In order to succeed in such a reduction, the onus of proof of this argument lies with the Defendants. An independent intervening event is an event that is unrelated to the incident that caused the injury (or the “tort”). The independent intervening tort occurs after the Plaintiff has suffered the subject injury that the claim is about and the argument is that from that point forward the damages should be reduced.
These are the cases that were referenced in this case on this subject:
A finding of an independent intervening event does not necessarily result in a break in the chain of causation and a finding of no liability: see Jobling v Associated Dairies Ltd,  2 All ER 752 (HL) [Jobling]; see also Penner v Mitchell (1978), 1978 ALTASCAD 201 (CanLII), 89 DLR (3d) 343 (ABCA) [Penner]. As noted in Athey, an independent intervening event can result in a reduction of damages, which reflects the impact of the event and upholds the principle that a defendant must return the plaintiff to their original position: at paras 31-33, citing Jobling and Penner.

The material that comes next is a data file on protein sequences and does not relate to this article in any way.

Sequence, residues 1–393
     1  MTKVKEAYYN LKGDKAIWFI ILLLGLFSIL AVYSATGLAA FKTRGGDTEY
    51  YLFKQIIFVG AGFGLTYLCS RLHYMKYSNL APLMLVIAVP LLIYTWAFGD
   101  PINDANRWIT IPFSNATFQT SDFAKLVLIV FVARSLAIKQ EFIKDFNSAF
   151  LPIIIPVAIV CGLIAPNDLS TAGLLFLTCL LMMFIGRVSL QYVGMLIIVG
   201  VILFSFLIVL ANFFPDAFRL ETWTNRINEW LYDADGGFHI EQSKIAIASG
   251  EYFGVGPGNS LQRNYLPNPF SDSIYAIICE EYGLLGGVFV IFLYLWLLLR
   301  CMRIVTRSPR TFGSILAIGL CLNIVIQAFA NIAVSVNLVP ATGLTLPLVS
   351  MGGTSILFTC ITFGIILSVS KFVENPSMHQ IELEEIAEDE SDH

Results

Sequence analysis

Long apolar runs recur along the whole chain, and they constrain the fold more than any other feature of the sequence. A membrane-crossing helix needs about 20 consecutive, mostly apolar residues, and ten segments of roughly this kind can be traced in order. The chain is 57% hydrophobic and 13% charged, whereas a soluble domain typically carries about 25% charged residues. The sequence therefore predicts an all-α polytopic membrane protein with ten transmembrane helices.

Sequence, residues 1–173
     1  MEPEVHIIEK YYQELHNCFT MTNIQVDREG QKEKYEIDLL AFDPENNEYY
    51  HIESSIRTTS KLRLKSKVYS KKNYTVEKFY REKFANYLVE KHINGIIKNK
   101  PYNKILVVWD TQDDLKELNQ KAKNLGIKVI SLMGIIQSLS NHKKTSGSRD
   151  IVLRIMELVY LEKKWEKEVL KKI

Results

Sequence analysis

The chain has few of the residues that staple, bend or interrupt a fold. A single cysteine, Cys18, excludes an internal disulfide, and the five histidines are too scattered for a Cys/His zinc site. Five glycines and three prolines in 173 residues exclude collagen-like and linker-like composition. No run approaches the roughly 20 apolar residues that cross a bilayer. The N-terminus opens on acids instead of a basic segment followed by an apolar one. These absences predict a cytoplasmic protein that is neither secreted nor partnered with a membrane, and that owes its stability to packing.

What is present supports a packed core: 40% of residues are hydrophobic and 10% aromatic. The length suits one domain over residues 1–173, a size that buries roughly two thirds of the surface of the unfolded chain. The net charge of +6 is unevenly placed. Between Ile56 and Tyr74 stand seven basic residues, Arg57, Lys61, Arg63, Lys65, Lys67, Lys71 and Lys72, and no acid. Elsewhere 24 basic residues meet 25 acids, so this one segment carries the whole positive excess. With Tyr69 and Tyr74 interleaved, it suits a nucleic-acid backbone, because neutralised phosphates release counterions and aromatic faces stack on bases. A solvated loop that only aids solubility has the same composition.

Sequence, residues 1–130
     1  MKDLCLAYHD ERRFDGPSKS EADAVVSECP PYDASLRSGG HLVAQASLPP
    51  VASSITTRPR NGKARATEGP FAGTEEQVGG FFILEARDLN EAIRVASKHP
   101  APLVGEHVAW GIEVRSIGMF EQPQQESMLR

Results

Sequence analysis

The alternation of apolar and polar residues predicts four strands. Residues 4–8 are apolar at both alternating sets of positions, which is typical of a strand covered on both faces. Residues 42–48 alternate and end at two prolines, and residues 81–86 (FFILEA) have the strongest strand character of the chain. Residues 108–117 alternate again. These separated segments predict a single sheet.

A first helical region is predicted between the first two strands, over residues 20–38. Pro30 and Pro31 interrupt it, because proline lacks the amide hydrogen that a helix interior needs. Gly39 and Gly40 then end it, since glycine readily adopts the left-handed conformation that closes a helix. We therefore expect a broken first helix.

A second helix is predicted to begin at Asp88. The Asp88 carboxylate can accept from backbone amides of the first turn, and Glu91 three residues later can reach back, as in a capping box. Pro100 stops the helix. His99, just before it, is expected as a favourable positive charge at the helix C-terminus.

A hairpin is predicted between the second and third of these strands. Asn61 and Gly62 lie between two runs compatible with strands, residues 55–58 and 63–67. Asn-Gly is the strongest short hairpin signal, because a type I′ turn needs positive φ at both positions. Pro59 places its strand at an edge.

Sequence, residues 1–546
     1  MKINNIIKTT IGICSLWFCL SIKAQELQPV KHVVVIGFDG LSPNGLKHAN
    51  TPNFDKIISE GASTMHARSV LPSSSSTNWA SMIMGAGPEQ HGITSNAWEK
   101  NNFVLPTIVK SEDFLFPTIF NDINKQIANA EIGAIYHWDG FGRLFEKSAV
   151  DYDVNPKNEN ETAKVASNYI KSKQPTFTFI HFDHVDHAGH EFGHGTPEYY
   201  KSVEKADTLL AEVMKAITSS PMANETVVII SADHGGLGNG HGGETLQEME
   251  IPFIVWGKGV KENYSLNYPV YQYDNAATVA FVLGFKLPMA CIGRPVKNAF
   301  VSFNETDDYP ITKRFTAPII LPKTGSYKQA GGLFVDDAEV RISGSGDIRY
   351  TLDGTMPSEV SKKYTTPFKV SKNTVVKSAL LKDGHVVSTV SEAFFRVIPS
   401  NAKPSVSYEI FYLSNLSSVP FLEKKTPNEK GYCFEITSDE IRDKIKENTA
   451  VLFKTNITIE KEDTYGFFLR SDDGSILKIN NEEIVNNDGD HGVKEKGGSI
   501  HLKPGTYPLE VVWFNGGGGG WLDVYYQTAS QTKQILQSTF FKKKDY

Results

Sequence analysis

When assessing this argument, here is a helpful quote from this decision:
To determine whether there are independent intervening events that should result in a reduction of damages, I must consider Ms. Warner’s position before and after the Transfer Accident, since it is the difference in these positions that make up Ms. Warner’s loss: Athey at para 32
The two intervening events that result post the transfer accident was an infection “C. Difficile” and two “Handi-bus accidents”.
The Court accepted that the C. Difficile was an independent intervening event and assessed this to be a 10% reduction of the award of damages.